Rev. Jeremiah Wright: Obama's spiritual adviser.

Keeping the Faith

BY Emily Udell

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Even after a two-day snowstorm pummeled Chicago in late January, the parking lot of the Trinity United Church of Christ (TUCC) was full. Congregants of the African American church on the city’s South Side braved the icy weather to hear a fiery Sunday morning sermon delivered by the church’s senior pastor, Reverend Dr. Jeremiah Wright. Since 1972, the 63-year-old Wright has been at the helm of TUCC, a church with 8,500 active members and a strong commitment to faith and social justice.

When U.S. Senator Barack Obama delivered his victory speech on November 2, he gave thanks to Wright and to his fellow Trinitarians. Obama—who has said that his politics are informed by “an ongoing conversation with God”—publicly affirmed his faith about 16 years ago when he heeded Wright’s altar call at TUCC. Wright and Obama developed a close relationship in the intervening years, and Obama counts the Reverend among his spiritual advisers. When a reporter asked Wright what advice he would give Obama upon election to the Senate, Wright said, “My advice to him: Please stay the same as you’ve been ever since I’ve known you.”

Wright’s ministry is firmly rooted in the history of Africa, the lessons of the civil rights movement and a commitment to strengthening black communities. The congregation officially adopted the motto “unashamedly black, and unapologetically Christian” shortly after Wright became pastor. TUCC’s mission statement invokes pride in the heritage of its members and a commitment to the liberation of the oppressed and “all of God’s family.”

“I don’t know how you can do ministry without having social justice as a piece of what you are doing,” says Wright, who was influenced in his early years by his parents’ commitment to social action. Wright earned a B.A. and M.A. from Howard University, an M.A. from the University of Chicago and a doctorate in divinity from the United Theological Seminary, where he studied with Samuel DeWitt Proctor, a mentor to Martin Luther King.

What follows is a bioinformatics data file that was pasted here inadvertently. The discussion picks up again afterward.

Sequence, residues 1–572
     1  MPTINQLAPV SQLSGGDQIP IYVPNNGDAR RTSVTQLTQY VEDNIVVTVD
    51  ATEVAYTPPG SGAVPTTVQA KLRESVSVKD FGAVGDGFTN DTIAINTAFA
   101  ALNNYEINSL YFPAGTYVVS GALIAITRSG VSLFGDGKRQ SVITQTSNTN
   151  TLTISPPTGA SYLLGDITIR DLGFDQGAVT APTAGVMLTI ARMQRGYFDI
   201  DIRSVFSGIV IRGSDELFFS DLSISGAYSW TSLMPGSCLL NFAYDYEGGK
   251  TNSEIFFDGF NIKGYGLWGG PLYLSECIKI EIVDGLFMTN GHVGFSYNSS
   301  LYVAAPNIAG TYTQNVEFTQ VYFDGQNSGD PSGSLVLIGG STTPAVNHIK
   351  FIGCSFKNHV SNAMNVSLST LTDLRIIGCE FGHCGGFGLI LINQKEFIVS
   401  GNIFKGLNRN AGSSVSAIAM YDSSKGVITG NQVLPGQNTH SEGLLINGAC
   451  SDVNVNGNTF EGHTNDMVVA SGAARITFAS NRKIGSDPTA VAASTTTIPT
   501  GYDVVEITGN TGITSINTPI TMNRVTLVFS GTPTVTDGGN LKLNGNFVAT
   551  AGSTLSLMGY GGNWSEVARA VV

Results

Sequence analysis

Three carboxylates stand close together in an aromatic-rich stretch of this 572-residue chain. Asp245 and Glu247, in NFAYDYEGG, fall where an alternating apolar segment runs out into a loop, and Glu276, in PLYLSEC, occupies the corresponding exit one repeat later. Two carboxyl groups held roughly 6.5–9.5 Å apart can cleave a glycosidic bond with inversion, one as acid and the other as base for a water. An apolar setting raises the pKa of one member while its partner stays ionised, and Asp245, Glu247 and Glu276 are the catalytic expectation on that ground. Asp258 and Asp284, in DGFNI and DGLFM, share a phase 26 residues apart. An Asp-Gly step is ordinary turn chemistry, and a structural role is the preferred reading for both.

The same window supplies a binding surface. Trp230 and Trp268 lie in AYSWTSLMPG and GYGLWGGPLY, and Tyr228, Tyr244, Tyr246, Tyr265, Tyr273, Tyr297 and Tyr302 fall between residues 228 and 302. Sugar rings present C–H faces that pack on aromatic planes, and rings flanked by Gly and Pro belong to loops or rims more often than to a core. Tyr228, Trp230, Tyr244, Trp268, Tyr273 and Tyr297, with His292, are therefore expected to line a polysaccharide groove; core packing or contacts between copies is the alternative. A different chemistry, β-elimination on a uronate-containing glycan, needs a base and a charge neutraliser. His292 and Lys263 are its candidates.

Wright quotes Matthew when describing TUCC’s vision: “Jesus says, ‘As you’ve done to the least of these, you’ve done to me.’ ”

“[Each of] the ministries of our church address some of that Jesus agenda,” Wright says. Under his leadership, TUCC members can get involved with more than 50 ministries, including those dedicated to supporting people affected by HIV/AIDS, victims of domestic violence and the un- and underemployed. TUCC also houses a community computer center and offers numerous educational opportunities for youth and adults in the congregation. Reverend Wright’s “brainchild” ministry is called “Million for the Master.” Based in name and spirit on the Million Man March, it “exists to implement programs and services that promote the spiritual, economic, social and political viability of the African American community.”

On that snowy Sunday, Wright’s sermon—accented by music and dance—was joyful, contemplative, educational and political. He wove world affairs, including the war in Iraq and the crisis in Sudan, into his address, and preached about the enduring racism in America, and the continuing income gap between African Americans and whites.

“Don’t confuse your ‘bling-bling’ with your blessings,” Wright counseled. “Don’t try to impress your oppressors.” One of the precepts of TUCC’s 12-Point Black Value System, established by the congregation in 1981, is the “disavowal of the pursuit of ‘middleclassness.’”

“The concept of ‘middle class’ is divisive for African Americans,” Wright says. “You’re buying into a hierarchic notion of who God’s people are. There’s a very big difference between being ‘middle class’ and being middle income.”

From the pulpit of TUCC’s 2,700-seat sanctuary, Wright, who has been outspoken in his opposition to the war in Iraq, wonders why the government doesn’t spend as much money fighting disease as it does on the war on terrorism. In conversation, he questions the “moral values” of the current administration: “When you lie about weapons of mass destruction, that’s a moral value,” he says. “People weren’t voting on moral values. They were voting on fear, and they were voting on ignorance.”

But neither Republicans nor Democrats, Wright believes, benefit from the current political polarization. And while he doesn’t think that the people of a democracy can ever stand behind a unified set of “moral values,” he thinks there is common ground to be found between the sides and that it can be sought respectfully.

“In a democracy we need to learn how to disagree without breaking up our house and getting a divorce,” he says. “We need to learn how to be unified in terms of nobody should go to bed hungry, nobody should die unnecessarily.”

Visit In These Times’ radio show, “Fire on the Prairie” for audio from an interview with Rev. Wright.

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Emily Udell is a writer for Angie’s List Magazine in Indianapolis. In 2009, she finished a stint drinking bourbon and covering breaking news for The Courier-Journal in Louisville, Ky. Her eclectic media career also includes time at the Associated Press, Punk Planet (R.I.P.), The Daily Southtown in southwest Chicago, and Radio Prague in the Czech Republic. She co-hosted and co-produced In These Times’ radio show “Fire on the Prairie” from 2003 to 2006.

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